It now seems like decades ago, but it has been only a matter of weeks since the Coronavirus Aid, Relief and Economic Security (CARES) Act was signed into law (March 27). When we first talked about the act, legislators were hearing from small-business owners who were anxious about the future of their businesses -- and that’s what led Congress to set up the Paycheck Protection Program (PPP). Since then, the Small Business Administration (SBA) has processed more than 3.8 million loans, totaling more than half a trillion dollars of economic support.
Some of those businesses that received loans will be complying with rules allowing for forgiveness of up to 100% of the loan.
The rules are pretty rigid. According to the SBA, the loan proceeds must go to payroll costs, rent, utilities and interest on mortgages, with 75% of the forgiven amount having been used for payroll. In addition, the employer must be able to show that the business maintained or quickly rehired employees, maintaining salary levels. The amount of forgiveness will also depend on full-time headcount and salaries and wages; if those amounts decrease, forgiveness decreases.
Business owners are asking about what counts as “payroll costs.” The SBA issued guidance on that question and many others, which can be found at https://www.federalregister.gov/documents/2020/04/15/2020-07672/business-loan-program-temporary-changes-paycheck-protection-program.
The list of payroll costs includes: “compensation to employees (whose principal place of residence is the United States) in the form of salary, wages, commissions, or similar compensation; cash tips or the equivalent (based on employer records of past tips or, in the absence of such records, a reasonable, good-faith employer estimate of such tips); payment for vacation, parental, family, medical, or sick leave; allowance for separation or dismissal; payment for the provision of employee benefits consisting of group health care coverage, including insurance premiums, and retirement; payment of state and local taxes assessed on compensation of employees; and for an independent contractor or sole proprietor, wages, commissions, income, or net earnings from self-employment, or similar compensation.”
What’s excluded from the definition of payroll costs? The CARES Act excludes the following:
“i. Any compensation of an employee whose principal place of residence is outside of the United States;
“ii. The compensation of an individual employee in excess of an annual salary of $100,000, prorated as necessary;
“iii. Federal employment taxes imposed or withheld between February 15, 2020 and June 30, 2020, including the employee's and employer's share of FICA (Federal Insurance Contributions Act) and Railroad Retirement Act taxes, and income taxes required to be withheld from employees; and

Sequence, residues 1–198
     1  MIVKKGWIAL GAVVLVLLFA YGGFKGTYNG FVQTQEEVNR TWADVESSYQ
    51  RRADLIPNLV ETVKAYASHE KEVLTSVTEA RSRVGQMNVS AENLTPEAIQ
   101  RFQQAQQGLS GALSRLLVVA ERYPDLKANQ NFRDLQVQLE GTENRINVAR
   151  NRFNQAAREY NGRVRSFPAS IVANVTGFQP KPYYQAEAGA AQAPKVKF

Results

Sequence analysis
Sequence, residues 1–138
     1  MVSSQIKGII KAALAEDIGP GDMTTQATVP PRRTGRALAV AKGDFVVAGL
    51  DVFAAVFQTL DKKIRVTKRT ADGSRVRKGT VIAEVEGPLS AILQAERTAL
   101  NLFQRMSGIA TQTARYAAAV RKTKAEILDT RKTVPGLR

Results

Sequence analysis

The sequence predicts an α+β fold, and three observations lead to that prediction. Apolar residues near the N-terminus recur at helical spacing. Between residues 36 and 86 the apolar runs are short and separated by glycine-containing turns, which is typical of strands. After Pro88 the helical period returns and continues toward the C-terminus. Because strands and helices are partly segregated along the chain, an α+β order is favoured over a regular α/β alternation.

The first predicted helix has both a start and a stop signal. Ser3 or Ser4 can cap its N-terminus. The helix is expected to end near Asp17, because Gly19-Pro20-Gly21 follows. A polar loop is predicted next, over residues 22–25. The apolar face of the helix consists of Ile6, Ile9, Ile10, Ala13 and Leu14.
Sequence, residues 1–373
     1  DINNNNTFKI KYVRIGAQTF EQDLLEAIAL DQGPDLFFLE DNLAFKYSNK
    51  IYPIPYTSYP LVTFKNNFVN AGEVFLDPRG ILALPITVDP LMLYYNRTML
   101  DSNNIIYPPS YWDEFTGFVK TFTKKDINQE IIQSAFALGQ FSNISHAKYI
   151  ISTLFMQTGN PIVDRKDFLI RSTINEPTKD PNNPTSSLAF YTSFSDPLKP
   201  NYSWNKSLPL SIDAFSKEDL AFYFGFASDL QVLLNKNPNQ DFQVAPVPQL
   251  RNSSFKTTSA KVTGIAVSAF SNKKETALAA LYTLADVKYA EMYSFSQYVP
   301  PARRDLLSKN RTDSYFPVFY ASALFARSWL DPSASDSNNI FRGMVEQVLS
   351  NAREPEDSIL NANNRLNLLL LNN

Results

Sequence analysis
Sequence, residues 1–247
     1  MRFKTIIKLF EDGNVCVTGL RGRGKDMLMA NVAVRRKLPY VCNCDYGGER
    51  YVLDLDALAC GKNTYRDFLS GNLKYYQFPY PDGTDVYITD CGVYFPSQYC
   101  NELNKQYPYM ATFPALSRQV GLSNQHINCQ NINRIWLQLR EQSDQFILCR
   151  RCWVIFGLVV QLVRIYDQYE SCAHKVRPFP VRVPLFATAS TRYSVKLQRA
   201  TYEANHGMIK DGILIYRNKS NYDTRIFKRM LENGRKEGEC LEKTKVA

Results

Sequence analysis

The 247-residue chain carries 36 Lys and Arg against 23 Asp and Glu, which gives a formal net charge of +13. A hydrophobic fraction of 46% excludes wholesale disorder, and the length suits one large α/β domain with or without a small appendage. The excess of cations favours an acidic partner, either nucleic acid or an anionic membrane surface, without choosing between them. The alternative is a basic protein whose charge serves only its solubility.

“iv. Qualified sick and family leave wages for which a credit is allowed under sections 7001 and 7003 of the Families First Coronavirus Response Act (Pub. L. 116-127).”
So, understanding how the PPP loan can be used in order to qualify for forgiveness, like many other things, is a matter of following the rules.
Some new issues have arisen. According to a notice (https://www.irs.gov/pub/irs-drop/n-20-32.pdf) issued last week, the IRS has concluded that business expenses paid for by a PPP loan that is forgiven cannot be deducted as business expenses. Sen. Ron Wyden called this a “gut punch” for businesses struggling to stay afloat.
In response, Sen. Marco Rubio, chairman of the Senate Committee on Small Business and Entrepreneurship, joined by Sens. John Cornyn, Senate Finance Committee Chairman Chuck Grassley, Finance Committee ranking member Ron Wyden, and Tom Carper, introduced new legislation (Small Business Expense Protection Act) to clarify that small businesses can deduct expenses paid with a forgiven PPP loan from their taxes.
“The congressional intent of the PPP program was to keep workers connected to their jobs and to ease the financial burden on small businesses so they could weather this pandemic,” Rubio said. “Borrowers should not be penalized by new taxes because they sought help during this unprecedented crisis.”
We’ll see whether the bill will be passed.
In the meantime, to keep current on developments, which I’m sure will be coming, check out the SBA’s website (www.sba.gov). If you have questions about a PPP loan that you have already received, I highly recommend contacting the Lender Relations Specialist in the local SBA Field Office. A list of offices can be found here: https://www.sba.gov/tools/local-assistance/districtoffices.
For a quick video that covers the topics we’ve discussed in today’s column, go to vimeo.com/416409979/98d2ad33d1.
Julie Jason, JD, LLM, a personal money manager (Jackson, Grant Investment Advisers Inc. of Stamford, Connecticut) and award-winning author, welcomes your questions/comments (firstname.lastname@example.org). Please visit www.juliejason.com.
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